• Sarawak to have National Parks and Wildlife Department next year

    Published: Thursday, 11 August 2016
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    KUCHING: The management of national parks and wildlife in the state is expected to be more systematic and effective with the establishment of the National Parks and Wildlife Department that would be in operation from January next year.

    State Forest Department director Sapuan Ahmad said the state government had recently agreed to the establishment of the new department.

    “It will be a separate department (from Forest Department) that will be similar to the one in Peninsular Malaysia and Sabah. It will most likely be in operation in January next year and I have already prepared the structure.

    “This new department will focus on wildlife protection and accelerate the gazettement of totally protected areas (TPAs) in the state,” he told reporters after launching a workshop themed ‘Managing Beyond Boundaries: Enhancing multi-stakeholder participation towards effective protected areas management in Sarawak’ here yesterday.

    The three-day workshop beginning yesterday was jointly organised by the state Forest Department and WWF-Malaysia.

    Sapuan said as of July this year, Sarawak had gazetted 903,769 ha of areas as TPAs that consisted of 35 national parks (694,770 ha), 14 nature reserves (2.539 ha) and six wildlife sanctuaries (206,460 ha).

    “The Chief Minister’s (Datuk Patinggi Tan Sri Adenan Satem) target is to have 1.2 million ha as TPAs. Based on the mandate given by the state government, the Forest Department is trying to gazette an additional 31 areas with the area of approximately 451,819 ha as TPAs. If the gazettement can be fully implemented, Sarawak will have TPA areas of 1.3 million ha.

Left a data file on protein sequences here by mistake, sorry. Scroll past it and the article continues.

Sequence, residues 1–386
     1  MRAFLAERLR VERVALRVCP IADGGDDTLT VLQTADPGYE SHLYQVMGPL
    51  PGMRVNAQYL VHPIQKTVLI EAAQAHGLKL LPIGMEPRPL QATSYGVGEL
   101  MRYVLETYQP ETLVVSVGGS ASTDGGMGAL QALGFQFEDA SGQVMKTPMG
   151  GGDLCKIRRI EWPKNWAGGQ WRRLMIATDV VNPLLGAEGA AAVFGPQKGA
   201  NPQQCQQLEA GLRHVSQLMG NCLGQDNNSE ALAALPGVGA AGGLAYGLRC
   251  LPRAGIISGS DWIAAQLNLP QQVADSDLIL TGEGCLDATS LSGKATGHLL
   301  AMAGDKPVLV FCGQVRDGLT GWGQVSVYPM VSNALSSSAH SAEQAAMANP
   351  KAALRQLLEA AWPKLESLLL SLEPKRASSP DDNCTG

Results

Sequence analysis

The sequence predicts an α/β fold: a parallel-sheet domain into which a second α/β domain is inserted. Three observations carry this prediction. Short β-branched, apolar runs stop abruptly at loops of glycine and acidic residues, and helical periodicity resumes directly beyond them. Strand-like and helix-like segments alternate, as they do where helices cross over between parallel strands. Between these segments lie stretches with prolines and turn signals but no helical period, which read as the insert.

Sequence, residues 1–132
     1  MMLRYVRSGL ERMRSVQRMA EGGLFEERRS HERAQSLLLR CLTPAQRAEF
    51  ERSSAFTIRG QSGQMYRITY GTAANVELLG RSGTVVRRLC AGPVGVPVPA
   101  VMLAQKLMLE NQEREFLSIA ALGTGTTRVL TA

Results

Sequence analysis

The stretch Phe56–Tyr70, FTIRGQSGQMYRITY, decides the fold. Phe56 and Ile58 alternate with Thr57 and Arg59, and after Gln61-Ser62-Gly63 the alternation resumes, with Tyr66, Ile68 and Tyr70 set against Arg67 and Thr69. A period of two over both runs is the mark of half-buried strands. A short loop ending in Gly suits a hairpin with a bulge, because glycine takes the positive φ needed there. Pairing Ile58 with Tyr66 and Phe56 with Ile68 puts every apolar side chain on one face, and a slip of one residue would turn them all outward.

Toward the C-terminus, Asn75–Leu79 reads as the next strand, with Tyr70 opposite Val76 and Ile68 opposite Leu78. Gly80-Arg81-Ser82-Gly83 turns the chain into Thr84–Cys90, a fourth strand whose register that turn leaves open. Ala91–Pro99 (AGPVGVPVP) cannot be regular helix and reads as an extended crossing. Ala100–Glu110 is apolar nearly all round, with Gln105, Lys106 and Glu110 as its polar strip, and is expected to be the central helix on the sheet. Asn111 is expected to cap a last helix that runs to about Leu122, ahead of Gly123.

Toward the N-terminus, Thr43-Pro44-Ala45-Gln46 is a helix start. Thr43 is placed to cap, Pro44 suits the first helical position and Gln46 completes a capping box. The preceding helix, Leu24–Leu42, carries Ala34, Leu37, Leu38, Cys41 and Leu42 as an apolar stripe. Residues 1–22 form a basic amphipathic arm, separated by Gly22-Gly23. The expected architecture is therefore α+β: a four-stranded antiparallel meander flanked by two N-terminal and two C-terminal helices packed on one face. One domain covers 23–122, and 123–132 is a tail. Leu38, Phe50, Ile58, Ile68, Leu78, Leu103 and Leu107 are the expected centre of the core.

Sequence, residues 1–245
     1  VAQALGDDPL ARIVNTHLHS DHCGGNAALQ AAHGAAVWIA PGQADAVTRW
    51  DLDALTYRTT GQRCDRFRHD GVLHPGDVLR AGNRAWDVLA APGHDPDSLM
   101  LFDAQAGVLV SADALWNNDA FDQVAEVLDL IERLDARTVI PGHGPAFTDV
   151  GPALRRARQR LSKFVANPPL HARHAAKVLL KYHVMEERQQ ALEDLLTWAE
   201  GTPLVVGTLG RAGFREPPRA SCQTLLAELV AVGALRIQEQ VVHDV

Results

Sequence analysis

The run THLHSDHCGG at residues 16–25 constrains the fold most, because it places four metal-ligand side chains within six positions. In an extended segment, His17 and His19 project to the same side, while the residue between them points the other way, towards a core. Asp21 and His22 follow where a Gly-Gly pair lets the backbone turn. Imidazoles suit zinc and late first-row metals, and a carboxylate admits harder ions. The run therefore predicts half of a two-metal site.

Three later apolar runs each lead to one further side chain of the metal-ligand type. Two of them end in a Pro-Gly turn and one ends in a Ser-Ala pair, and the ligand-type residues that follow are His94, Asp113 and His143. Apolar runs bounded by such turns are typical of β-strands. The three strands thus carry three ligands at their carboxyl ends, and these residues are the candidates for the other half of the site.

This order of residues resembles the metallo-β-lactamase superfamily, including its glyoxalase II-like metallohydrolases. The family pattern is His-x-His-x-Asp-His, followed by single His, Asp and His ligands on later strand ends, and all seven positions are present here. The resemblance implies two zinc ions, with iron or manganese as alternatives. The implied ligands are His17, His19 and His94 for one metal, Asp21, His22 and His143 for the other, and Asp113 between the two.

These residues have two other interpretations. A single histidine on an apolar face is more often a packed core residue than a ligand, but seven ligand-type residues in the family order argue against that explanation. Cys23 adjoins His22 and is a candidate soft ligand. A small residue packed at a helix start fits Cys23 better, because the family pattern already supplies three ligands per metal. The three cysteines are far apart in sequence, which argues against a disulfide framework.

Sapuan said the main objective of the government’s policy in gazetting an area as national park is solely to develop the local folk to be parallel with the development in the state.

    “The people should be informed that when the government wants to gazette an area to be TPA, it does not mean that the original residents in the area will lose or be denied their rights on the area.

    “They will continue to be allowed to enjoy all the available resources but through systematic and prudent ways. This is because the government wants to ensure the beauty and originality of the forest is maintained.”

    Despite the government’s intention, Sapuan said the initiative to establish national parks is not an easy matter, as it requires strong commitment from everyone because various factors have to be taken into account.

    “We want to ensure that the gazettement of a national park is not only according to what is fixed but will not marginalise the interests of the local residents as well as to ensure that their rights and privileges continue to be safeguarded.”

    Therefore, he said the gazetting process would sometimes take a long time to be implemented, adding that the gazetting process of Santubong National Park took not less than 20 years.

    On Orang Utan, Sapuan was happy to note that its population in the state had increased, according to reports from the Wildlife Conservation Society.

    “We have some 1,600 of the primates living in the Orang Utan Sanctuary in Lanjak Entimau (some 200,000 hectares of natural habitat), besides those in Ulu Sebuyau and Sedilu. Certain critical western NGOs tend to believe that the primates are found all over the state, which is not true.”

    Sapuan added that Adenan too had wanted any new area with Orang Utan sightings to come under TPA as well.

    Meanwhile, the state Forest Department presented ‘Tokoh Renger 2016’ award to 91-year-old Sami Nor from Kpg Bako.

    Among those present were WWF-Malaysia Sarawak Programme leader Dr Jason Hon, Sarawak Forestry Corporation deputy general manager Oswald Braken Tisen and Sabah Park deputy manager Ludy Apin.-BP


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